In Scotland primary responsibility for protecting land from flooding lies with the landowner. However, the Flood Prevention (Scotland) Act 1961 gave local authorities discretionary powers to make and build Flood Prevention Schemes for the prevention or mitigation of flooding of non-agricultural land. If a local authority is considering work, other than maintenance and repair, this must be carried out in accordance with a Flood Prevention Scheme. Schemes must then be confirmed by Scottish Ministers and when confirmed, schemes may be eligible for central government grant.
In addition, the Flood Prevention and Land Drainage (Scotland) Act 1997 imposed duties on Councils requiring them to assess, maintain and protect watercourses where it appears to the local authority that any watercourse in their area is in a condition which is likely to cause flooding of non-agricultural land.
There are statutory steps which must be completed before the Flood Prevention Scheme can be confirmed. Confirmation of a scheme allows the authority to proceed to carry out the work but the authority may also require other statutory consents such as planning.
A Flood Prevention Scheme must describe the flood prevention operations which are proposed and the land which would be affected by them and normally does so by reference to maps and plans. The scheme must also specify any land the local authority would have to enter for the purposes of carrying out the operations described in the scheme.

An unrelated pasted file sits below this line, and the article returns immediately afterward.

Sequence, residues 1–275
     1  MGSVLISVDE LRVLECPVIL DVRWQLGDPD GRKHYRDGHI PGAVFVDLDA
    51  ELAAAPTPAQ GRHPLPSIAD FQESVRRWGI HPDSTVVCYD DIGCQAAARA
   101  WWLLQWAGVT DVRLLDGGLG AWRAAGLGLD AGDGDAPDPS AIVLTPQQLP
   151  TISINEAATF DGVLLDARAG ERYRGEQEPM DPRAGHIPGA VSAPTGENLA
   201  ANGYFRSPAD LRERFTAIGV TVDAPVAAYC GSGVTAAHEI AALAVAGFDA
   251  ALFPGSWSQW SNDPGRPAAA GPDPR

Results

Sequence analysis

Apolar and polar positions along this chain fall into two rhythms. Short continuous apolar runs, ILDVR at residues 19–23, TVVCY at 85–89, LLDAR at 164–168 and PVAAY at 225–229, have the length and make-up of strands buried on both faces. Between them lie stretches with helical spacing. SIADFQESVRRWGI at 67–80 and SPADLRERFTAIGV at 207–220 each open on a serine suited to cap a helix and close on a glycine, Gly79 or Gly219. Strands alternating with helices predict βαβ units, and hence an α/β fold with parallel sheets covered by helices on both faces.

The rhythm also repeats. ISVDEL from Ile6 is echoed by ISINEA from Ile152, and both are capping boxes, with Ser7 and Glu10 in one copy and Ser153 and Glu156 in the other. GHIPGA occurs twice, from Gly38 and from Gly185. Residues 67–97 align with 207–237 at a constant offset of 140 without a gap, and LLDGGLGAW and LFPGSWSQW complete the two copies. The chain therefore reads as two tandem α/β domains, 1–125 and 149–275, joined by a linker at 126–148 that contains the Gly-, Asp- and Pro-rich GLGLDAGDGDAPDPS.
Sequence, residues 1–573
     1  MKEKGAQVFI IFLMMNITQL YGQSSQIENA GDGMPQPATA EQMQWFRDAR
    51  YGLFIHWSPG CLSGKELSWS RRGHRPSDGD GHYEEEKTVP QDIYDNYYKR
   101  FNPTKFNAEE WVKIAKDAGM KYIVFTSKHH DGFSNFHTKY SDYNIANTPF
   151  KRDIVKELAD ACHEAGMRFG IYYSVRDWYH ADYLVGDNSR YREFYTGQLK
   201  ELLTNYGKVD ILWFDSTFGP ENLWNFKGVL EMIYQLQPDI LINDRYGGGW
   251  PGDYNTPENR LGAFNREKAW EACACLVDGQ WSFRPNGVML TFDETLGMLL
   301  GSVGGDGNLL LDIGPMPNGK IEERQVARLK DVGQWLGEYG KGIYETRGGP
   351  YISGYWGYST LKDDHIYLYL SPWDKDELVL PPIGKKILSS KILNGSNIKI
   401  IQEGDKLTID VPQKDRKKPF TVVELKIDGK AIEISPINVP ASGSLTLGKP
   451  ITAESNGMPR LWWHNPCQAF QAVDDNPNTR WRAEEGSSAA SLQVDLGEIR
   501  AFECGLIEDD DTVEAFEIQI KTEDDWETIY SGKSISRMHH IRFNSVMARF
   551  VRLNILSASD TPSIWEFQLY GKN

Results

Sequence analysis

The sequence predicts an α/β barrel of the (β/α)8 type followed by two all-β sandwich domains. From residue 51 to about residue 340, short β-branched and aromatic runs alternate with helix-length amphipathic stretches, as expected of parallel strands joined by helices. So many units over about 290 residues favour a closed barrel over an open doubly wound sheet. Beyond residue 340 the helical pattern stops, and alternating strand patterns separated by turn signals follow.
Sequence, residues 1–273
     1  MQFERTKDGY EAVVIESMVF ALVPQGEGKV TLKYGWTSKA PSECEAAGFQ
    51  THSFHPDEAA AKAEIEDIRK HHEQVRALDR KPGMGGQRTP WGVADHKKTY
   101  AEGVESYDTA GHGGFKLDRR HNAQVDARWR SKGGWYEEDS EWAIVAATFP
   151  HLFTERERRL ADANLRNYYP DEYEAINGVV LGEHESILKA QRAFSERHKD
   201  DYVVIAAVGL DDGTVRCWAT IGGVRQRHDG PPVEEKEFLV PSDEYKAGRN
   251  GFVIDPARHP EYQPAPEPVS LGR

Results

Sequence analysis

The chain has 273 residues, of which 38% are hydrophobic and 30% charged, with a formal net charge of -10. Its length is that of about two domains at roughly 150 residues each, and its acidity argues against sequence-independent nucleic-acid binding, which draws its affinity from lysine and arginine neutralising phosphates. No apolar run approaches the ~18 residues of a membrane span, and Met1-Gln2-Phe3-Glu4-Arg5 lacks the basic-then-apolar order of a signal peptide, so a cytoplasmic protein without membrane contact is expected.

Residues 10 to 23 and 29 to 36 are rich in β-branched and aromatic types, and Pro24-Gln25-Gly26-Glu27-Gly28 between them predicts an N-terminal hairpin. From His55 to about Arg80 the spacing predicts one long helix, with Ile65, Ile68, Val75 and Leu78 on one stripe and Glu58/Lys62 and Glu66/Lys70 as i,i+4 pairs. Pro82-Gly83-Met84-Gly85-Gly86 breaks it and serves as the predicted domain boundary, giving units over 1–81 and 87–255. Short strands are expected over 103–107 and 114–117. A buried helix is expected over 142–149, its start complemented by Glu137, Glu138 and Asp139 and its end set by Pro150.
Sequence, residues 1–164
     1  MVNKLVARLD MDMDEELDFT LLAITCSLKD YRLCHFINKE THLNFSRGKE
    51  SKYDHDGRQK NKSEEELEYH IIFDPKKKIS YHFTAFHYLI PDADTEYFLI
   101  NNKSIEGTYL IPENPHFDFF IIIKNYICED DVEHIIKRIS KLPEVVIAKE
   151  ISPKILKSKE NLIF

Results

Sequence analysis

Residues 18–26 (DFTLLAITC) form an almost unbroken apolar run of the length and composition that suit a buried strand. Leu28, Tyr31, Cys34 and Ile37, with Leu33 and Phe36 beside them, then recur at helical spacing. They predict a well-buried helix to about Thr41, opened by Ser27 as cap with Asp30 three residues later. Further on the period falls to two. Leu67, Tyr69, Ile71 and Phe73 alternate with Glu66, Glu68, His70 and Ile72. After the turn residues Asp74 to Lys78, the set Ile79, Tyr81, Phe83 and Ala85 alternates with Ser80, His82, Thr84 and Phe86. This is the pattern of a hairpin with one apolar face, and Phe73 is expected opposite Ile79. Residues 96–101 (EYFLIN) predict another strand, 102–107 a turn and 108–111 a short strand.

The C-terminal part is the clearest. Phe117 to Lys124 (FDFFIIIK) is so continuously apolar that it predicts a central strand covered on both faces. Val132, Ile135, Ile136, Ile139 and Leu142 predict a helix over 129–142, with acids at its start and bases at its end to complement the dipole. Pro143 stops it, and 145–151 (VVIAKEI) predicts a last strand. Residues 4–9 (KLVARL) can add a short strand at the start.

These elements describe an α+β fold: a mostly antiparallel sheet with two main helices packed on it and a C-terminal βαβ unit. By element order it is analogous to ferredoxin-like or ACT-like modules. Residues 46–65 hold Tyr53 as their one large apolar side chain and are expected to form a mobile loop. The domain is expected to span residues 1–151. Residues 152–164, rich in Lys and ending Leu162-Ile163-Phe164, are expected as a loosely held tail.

A local authority must advertise the scheme in the locality. Any person may object in writing to Ministers within a three month period from the date of the advertisement. If an objection from any person whose land may be adversely affected by the scheme is not withdrawn, it will be considered at a Public Local Inquiry.
After all objections have been withdrawn, and after any local inquiry has reported, the Executive will consider the scheme for confirmation. Ministers may confirm a scheme, with or without modifications, or refuse to confirm a scheme. Grants at 80 per cent of the eligible costs are available from the Scottish Executive for confirmed schemes which meet our technical, environmental and economic criteria.
It is entirely a matter for local authorities to determine whether and to what extent they will exercise their powers in light of the needs of their area; Ministers have no power to intervene in that determination.
Ministers are however committed to helping local authorities increase protection for communities affected by flooding through investment in flood prevention schemes. As an outcome of a spending review, Ministers have increased the resources available to £89 million over three years. It is for local authorities to come forward with suitable schemes to take up these resources.
The Water Framework Directive (WFD) is the most substantial piece of EC water legislation to date. It requires all inland and coastal waters to reach "good status" by 2015. It will do this by establishing a river basin district structure within which demanding environmental objectives will be set, including ecological targets for surface waters.
The Directive came into force on December 22, 2000. The Directive sets out a timetable for both initial transposition into laws of Member States and thereafter for the implementation of requirements.